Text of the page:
Hubspot Academy’s courses concern “cutting edge business topics” and the certifications are globally recognised. You can progress in your career: “[i]nvest in yourself and your career by staying up to date on the latest trends in digital marketing, sales, customer support, and more”, affirms Hubspot. Note that as Hubspot’s official learning resource, users will learn about HubSpot software, so “they can market, sell, and grow an inbound business”. Even Coursera recognises this online academy. “HubSpot Academy's Inbound Certification has become the official badge of the inbound movement, with over 60,000 awarded annually”, asserts Coursera.

Talenteum: an ecosystem that integrates training

The aforementioned are amongst the main free or affordable quality e-learning resources that African talents can draw upon to educate themselves further and upskill. Nevertheless, there are others that should be mentioned: Future Learn, edX, Open Learn by Open University and Khan Academy.

After several years of operation, Talenteum has accumulated expertise in recruitment, training and the logistics of remote work; winning awards. As a social bridging platform, our objective is to become an ecosystem providing all-inclusive, highly-customised HR solutions that fully fit into the Future of Work. Learning, training and upskilling repsent an important part of the ecosystem we are building. We are exploring all those online training platforms. We are noting down exactly what courses are offered and keeping them as references to recommend to our African talents in their upskilling efforts. We have talents and clients operating in diverse fields including IT, Marketing, Sales, Accounting and Finance, Architecture and Design. Where there are no courses available for our talents to upskill and pcisely match clients’ needs, we will try our best to organise partnerships to develop them. We want both our talents and clients to have all the tools to grow and be professionally fulfilled.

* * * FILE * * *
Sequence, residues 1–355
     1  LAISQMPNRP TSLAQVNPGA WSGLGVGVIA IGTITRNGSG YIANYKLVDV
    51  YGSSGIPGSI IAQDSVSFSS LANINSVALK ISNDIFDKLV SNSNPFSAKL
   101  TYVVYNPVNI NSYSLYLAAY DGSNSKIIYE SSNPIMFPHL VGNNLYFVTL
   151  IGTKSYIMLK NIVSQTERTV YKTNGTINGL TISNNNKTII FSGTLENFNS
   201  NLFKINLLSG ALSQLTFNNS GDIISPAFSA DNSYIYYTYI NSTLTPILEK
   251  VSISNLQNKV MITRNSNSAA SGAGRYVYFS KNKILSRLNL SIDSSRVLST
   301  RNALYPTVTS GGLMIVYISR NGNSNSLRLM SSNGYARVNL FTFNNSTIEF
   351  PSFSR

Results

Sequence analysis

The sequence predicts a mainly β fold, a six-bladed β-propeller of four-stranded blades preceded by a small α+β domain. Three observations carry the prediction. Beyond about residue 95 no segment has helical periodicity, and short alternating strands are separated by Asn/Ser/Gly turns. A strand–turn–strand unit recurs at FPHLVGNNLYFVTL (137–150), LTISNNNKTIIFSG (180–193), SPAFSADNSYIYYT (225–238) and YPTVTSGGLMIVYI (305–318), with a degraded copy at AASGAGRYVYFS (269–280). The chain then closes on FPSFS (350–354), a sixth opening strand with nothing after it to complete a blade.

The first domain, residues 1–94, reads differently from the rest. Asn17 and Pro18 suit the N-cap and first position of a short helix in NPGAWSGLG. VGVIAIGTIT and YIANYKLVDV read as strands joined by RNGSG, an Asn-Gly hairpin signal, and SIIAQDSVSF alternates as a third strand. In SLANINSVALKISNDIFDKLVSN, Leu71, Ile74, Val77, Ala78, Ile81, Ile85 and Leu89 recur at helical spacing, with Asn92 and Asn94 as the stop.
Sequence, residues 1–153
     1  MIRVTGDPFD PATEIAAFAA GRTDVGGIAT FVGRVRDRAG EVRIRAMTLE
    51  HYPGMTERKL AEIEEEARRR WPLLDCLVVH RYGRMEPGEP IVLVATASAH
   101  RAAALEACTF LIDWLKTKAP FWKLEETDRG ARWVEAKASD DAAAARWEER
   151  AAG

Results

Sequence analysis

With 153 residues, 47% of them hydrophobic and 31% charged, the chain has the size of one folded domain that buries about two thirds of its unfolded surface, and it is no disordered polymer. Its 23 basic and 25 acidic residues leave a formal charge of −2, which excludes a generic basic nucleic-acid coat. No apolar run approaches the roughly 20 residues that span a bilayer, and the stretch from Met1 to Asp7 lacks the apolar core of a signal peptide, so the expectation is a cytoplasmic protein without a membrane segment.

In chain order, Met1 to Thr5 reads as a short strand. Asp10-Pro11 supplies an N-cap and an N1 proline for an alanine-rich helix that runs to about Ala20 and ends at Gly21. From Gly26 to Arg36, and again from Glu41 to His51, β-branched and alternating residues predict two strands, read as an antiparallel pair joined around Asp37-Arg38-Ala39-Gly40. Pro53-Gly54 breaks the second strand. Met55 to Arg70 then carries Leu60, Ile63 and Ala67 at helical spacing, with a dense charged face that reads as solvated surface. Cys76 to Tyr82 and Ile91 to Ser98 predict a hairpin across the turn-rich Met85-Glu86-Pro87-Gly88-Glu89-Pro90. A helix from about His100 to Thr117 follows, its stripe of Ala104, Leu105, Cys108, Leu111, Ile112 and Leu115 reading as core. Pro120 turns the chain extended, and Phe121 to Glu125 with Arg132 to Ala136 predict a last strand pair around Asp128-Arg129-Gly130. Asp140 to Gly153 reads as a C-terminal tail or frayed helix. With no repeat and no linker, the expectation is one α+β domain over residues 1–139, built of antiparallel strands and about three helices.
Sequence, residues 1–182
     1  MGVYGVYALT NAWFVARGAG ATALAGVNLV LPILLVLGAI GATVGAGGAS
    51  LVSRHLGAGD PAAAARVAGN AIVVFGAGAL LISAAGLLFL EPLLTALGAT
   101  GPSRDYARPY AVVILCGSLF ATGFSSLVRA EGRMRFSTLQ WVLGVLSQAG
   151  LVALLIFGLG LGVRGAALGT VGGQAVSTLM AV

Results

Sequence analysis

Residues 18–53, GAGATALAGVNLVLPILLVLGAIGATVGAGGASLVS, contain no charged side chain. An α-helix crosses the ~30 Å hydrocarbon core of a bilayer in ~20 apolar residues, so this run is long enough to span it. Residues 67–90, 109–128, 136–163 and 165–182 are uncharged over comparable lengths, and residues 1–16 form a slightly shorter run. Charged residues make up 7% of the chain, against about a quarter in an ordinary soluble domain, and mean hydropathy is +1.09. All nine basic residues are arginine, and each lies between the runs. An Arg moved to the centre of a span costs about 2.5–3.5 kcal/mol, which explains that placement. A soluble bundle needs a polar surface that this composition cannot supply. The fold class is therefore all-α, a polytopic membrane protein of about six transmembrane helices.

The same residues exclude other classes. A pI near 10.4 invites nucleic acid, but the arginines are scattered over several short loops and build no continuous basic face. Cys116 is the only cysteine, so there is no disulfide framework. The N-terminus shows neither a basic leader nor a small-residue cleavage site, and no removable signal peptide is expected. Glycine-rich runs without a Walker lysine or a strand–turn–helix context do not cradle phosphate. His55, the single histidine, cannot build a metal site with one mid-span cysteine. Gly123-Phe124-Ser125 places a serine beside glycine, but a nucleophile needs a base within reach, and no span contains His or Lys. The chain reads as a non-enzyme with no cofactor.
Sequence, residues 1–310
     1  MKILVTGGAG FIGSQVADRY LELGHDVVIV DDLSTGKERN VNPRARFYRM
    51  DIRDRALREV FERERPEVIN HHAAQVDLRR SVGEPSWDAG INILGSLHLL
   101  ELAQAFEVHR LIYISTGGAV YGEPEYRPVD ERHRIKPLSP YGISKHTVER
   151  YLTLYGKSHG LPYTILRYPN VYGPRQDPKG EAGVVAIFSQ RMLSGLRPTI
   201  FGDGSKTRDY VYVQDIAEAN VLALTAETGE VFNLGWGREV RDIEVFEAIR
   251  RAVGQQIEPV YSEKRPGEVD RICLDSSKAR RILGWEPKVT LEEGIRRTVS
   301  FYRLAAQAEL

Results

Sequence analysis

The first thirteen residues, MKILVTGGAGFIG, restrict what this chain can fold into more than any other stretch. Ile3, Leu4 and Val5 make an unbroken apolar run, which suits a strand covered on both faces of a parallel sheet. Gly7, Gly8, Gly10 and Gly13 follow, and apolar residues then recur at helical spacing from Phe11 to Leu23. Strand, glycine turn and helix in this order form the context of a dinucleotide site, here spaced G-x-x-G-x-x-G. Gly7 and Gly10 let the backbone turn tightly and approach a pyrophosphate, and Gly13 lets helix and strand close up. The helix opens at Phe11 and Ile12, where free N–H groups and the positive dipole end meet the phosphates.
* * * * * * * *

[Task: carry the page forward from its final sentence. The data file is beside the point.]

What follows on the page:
You are a Talent ? Please register Here
You are a company ? Please register Here